Question - Which of the following is a part of a neuron?

Answered by: Carolyn Moore  |  Category: General  |  Last Updated: 22-06-2022  |  Views: 599  |  Total Questions: 14

Neurons (nerve cells) have three parts that carry out the functions of communication and integration: dendrites, axons, and axon terminals. They have a fourth part the cell body or soma, which carries out the basic life processes of neurons. The figure at the right shows a "typical" neuron. Introduction: The brain is made up of about 86 billion nerve cells (also called "neurons"). A neuron has 4 basic parts: the dendrites, the cell body (also called the "soma"), the axon and the axon terminal. Dendrites - Extensions from the neuron cell body that take information to the cell body. The neuron is the basic working unit of the brain, a specialized cell designed to transmit information to other nerve cells, muscle, or gland cells. Neurons are cells within the nervous system that transmit information to other nerve cells, muscle, or gland cells. Most neurons have a cell body, an axon, and dendrites. Every neuron consists of a cell body (also called a soma), dendrites and an axon. Axons and dendrites are nerve fibres. Synapse is, infact, a structure that permits the neuron to pass an electrical or chemical signal to another neuron, hence, it is not part of the neuron. Myelinated neurons are typically found in the peripheral nerves (sensory and motor neurons), while non-myelinated neurons are found in the brain and spinal cord. Dendrites or nerve endings.

https://en.wikipedia.org/wiki/Neuron

A typical neuron consists of a cell body (soma), dendrites, and a single axon. The soma is usually compact. The axon and dendrites are filaments that extrude from it.

https://www.wingsforlife.com/en/latest/how-does-a-neuron-work-562/

A neuron (also known as nerve cell) is an electrically excitable cell that takes up, processes and transmits information through electrical and chemical signals. It is one of the basic elements of the nervous system. In order that a human being can react to his environment, neurons transport stimuli.

https://faculty.washington.edu/chudler/what.html

The cell body of a motor neuron is approximately 100 microns (0. 1 millimeter) in diameter and as you now know, the axon is about 1 meter (1, 000 millimeter) in length. So, the axon of a motor neuron is 10, 000 times as long as the cell body is wide.

http://www.indiana.edu/~p1013447/dictionary/neuron.htm

Neurons (nerve cells) have three parts that carry out the functions of communication and integration: dendrites, axons, and axon terminals. They have a fourth part the cell body or soma, which carries out the basic life processes of neurons. The figure at the right shows a "typical" neuron.

https://www.sciencedaily.com/terms/neuron.htm

Neuron. Neurons (also known as neurones, nerve cells and nerve fibers) are electrically excitable cells in the nervous system that function to process and transmit information. In vertebrate animals, neurons are the core components of the brain, spinal cord and peripheral nerves.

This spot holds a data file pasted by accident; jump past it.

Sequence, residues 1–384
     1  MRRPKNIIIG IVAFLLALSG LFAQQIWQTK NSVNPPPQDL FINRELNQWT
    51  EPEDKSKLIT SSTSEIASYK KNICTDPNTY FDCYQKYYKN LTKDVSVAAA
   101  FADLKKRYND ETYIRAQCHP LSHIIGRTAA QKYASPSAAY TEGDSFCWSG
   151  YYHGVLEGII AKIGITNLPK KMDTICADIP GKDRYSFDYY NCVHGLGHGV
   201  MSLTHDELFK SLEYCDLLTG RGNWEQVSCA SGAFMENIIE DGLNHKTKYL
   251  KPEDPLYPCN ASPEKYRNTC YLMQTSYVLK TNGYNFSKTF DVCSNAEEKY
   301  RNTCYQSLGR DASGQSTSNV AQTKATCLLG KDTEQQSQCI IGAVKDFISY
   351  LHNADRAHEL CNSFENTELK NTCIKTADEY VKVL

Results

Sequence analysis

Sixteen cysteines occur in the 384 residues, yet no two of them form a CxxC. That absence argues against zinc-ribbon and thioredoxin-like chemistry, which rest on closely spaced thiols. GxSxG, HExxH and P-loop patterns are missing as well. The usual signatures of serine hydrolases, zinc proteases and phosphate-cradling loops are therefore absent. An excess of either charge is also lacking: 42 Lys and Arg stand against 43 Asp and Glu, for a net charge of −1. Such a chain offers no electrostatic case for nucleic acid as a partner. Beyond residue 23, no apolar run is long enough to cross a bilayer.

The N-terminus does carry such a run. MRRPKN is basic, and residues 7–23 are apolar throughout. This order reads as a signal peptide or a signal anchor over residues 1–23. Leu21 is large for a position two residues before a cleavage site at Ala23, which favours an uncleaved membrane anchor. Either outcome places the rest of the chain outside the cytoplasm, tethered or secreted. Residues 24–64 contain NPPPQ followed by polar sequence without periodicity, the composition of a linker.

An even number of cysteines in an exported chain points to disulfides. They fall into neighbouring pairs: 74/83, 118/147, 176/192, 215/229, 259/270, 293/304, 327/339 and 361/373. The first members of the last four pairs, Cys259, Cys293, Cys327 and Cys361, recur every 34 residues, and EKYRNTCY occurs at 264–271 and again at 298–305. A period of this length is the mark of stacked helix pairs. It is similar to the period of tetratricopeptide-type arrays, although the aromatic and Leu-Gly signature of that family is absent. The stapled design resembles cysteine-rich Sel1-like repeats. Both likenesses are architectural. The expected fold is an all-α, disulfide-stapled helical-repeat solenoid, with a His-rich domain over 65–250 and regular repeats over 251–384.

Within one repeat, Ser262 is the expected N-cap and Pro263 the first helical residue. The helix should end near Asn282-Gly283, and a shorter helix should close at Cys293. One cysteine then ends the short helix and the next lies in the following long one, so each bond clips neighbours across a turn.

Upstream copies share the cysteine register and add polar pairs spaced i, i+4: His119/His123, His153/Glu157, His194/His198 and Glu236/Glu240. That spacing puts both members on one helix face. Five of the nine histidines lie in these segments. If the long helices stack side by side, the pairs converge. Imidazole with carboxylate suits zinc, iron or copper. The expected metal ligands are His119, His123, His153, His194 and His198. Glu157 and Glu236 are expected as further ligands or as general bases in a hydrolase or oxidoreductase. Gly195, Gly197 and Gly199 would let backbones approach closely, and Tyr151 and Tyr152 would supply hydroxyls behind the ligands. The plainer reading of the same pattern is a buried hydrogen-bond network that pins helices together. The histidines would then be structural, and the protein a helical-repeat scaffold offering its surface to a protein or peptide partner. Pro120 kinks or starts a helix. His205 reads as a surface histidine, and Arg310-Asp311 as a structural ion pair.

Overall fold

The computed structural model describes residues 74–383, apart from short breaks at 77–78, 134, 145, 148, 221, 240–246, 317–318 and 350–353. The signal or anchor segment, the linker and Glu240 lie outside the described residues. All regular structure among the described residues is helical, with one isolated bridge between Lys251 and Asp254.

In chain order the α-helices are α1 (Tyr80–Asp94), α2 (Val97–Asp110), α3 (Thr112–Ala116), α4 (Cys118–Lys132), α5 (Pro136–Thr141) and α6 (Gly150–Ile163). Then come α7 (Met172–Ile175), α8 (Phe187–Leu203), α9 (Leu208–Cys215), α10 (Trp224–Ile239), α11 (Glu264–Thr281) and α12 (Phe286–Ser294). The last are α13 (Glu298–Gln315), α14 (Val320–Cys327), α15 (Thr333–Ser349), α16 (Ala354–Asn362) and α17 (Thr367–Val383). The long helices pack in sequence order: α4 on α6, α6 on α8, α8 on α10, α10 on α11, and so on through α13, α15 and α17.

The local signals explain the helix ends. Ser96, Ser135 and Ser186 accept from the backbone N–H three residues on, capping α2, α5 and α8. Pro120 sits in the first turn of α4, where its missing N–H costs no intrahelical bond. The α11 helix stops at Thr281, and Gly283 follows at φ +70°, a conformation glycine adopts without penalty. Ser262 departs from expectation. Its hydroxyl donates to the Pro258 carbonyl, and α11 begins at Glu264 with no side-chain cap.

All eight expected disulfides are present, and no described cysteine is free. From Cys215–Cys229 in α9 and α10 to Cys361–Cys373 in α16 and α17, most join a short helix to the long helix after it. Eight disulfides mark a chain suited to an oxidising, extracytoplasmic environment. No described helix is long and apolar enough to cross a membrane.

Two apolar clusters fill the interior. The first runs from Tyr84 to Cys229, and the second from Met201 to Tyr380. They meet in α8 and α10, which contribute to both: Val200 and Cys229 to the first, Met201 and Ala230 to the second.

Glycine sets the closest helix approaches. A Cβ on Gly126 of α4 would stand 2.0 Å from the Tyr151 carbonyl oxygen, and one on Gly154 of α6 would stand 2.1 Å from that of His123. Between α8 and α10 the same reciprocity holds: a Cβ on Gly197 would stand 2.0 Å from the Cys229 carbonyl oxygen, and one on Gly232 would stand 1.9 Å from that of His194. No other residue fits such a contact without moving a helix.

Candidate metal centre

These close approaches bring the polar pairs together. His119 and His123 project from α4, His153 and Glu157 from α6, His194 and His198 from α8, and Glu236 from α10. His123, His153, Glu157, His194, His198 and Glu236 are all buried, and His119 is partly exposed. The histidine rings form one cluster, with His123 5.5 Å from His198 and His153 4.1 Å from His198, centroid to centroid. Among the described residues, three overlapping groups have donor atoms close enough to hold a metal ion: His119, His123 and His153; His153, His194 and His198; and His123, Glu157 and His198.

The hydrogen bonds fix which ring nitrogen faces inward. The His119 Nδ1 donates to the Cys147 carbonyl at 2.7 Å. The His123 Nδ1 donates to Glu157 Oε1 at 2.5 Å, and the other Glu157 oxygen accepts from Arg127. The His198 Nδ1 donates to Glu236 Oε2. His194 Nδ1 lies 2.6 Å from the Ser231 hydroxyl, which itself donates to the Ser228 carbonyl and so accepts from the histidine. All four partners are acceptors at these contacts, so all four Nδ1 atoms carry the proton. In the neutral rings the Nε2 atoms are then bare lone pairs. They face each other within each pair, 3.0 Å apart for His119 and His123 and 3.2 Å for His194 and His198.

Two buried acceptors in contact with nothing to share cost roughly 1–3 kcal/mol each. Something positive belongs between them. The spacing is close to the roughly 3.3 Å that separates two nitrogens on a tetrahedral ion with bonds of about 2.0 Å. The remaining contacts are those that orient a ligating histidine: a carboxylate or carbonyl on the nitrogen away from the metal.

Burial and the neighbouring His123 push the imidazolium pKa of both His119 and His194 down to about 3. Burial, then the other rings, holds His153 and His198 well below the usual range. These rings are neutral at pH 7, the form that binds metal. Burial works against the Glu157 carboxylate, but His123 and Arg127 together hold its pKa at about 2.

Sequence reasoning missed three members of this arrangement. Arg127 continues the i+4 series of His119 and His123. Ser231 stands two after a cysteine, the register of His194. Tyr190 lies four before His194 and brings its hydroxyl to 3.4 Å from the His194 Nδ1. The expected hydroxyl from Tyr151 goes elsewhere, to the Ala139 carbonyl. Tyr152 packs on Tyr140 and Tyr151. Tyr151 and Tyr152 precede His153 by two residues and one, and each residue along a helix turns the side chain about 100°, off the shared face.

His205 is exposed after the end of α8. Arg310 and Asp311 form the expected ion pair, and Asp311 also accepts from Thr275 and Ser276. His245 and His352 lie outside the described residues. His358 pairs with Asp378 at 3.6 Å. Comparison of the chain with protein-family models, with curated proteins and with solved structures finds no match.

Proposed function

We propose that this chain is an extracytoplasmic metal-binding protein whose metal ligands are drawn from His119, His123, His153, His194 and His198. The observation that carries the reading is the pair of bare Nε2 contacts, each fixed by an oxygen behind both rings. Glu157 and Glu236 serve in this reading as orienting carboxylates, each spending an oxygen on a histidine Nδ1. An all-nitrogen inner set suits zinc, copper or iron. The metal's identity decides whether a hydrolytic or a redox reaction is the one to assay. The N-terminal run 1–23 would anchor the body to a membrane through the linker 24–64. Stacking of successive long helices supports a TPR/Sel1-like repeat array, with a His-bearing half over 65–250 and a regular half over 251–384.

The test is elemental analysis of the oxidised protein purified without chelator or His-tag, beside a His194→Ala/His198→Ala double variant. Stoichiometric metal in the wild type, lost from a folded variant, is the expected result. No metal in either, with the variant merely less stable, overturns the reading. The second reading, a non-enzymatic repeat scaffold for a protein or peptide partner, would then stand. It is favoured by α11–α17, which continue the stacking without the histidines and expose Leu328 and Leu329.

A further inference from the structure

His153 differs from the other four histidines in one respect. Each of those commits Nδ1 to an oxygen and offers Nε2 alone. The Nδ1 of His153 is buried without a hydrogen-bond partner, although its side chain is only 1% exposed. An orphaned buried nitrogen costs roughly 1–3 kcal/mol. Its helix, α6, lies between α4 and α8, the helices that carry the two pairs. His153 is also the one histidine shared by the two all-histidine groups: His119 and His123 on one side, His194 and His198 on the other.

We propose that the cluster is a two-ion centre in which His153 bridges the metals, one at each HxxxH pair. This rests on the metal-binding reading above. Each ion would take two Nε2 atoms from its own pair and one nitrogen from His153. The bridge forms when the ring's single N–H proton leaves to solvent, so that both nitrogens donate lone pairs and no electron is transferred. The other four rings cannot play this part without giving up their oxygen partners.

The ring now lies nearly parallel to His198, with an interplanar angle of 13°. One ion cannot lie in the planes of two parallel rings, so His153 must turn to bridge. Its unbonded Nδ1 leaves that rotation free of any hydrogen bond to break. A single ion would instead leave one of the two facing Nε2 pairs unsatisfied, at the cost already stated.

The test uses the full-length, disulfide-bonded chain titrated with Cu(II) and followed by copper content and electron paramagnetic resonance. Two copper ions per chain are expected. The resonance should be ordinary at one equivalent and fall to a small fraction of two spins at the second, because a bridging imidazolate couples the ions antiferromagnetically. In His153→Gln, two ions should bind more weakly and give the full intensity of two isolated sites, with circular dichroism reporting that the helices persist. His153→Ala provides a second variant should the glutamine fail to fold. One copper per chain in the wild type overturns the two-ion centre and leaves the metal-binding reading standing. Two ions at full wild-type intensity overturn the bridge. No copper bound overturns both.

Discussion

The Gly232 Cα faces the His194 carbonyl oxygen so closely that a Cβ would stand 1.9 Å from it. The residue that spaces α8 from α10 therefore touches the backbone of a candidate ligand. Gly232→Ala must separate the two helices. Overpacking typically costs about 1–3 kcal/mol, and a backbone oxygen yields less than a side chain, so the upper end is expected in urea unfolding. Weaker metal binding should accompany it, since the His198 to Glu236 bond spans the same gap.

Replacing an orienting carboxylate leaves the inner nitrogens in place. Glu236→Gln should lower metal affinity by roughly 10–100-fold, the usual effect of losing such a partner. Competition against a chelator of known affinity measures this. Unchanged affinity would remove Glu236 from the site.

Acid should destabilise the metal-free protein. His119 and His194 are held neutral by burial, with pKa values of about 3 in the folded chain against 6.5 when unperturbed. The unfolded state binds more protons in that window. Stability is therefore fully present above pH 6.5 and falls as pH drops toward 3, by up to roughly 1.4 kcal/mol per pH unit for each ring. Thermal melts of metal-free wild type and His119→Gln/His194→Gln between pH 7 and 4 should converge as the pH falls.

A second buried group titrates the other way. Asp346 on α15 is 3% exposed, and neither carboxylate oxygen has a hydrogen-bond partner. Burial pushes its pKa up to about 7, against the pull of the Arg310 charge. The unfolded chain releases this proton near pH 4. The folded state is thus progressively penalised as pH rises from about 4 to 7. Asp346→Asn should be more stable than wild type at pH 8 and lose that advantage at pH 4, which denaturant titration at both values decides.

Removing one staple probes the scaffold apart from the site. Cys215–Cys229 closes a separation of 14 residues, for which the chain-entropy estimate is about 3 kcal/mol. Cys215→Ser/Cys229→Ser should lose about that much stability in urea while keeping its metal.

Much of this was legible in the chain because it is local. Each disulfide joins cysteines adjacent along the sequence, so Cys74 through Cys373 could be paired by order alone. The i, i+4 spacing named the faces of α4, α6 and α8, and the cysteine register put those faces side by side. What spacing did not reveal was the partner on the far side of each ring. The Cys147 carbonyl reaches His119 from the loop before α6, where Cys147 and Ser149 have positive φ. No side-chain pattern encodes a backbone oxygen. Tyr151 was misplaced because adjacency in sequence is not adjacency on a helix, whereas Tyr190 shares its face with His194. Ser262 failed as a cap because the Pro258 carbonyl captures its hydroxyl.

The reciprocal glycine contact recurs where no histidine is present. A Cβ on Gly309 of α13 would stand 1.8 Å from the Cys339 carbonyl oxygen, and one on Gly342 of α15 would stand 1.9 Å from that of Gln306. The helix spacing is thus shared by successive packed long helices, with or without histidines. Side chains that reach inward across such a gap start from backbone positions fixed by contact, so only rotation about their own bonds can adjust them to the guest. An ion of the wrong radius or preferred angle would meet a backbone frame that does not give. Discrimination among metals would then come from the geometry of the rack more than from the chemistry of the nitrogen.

https://brainly.in/question/4360500

Neurons are the specialized cells of the nervous system that transmit signals throughout the body. Neurons have long extensions that extend out from the cell body called dendrites and axons. Dendrites are extensions of neuronsthat receive signals and conduct them toward the cell body.

https://www.verywellhealth.com/synapse-anatomy-2795867

In the central nervous system, a synapse is a small gap at the end of a neuron that allows a signal to pass from one neuron to the next. Synapses are found where nerve cells connect with other nerve cells.

https://www.ck12.org/biology/nerve-impulse/lesson/The-Nerve-Impulse-Advanced-BIO-ADV/

An action potential, also called a nerve impulse, is an electrical charge that travels along the membrane of a neuron. It can be generated when a neuron's membrane potential is changed by chemical signals from a nearby cell.

https://www.nature.com/scitable/topicpage/myelin-a-specialized-membrane-for-cell-communication-14367

Much like the insulation around the wires in electrical systems, glial cells form a membraneous sheath surrounding axons called myelin, thereby insulating the axon. This myelination, as it is called, can greatly increase the speed of signals transmitted between neurons (known as action potentials).

http://www.bem.fi/book/05/05.htm

The function of the synapse is to transfer electric activity (information) from one cell to another. The transfer can be from nerve to nerve (neuro-neuro), or nerve to muscle (neuro-myo). The region between the pre- and postsynaptic membrane is very narrow, only 30-50 nm.

https://en.wikipedia.org/wiki/Glia

Glia, also called glial cells or neuroglia, are non-neuronal cells in the central nervous system (brain and spinal cord) and the peripheral nervous system that do not produce electrical impulses. They maintain homeostasis, form myelin, and provide support and protection for neurons.

https://www.brainhq.com/brain-resources/memory/types-of-memory/implicit-memory/

Procedural memory is the type of implicit memory that enables us to carry out commonly learned tasks without consciously thinking about them. It's our "how to" knowledge. Riding a bike, tying a shoe and washing dishes are all tasks that require procedural memory.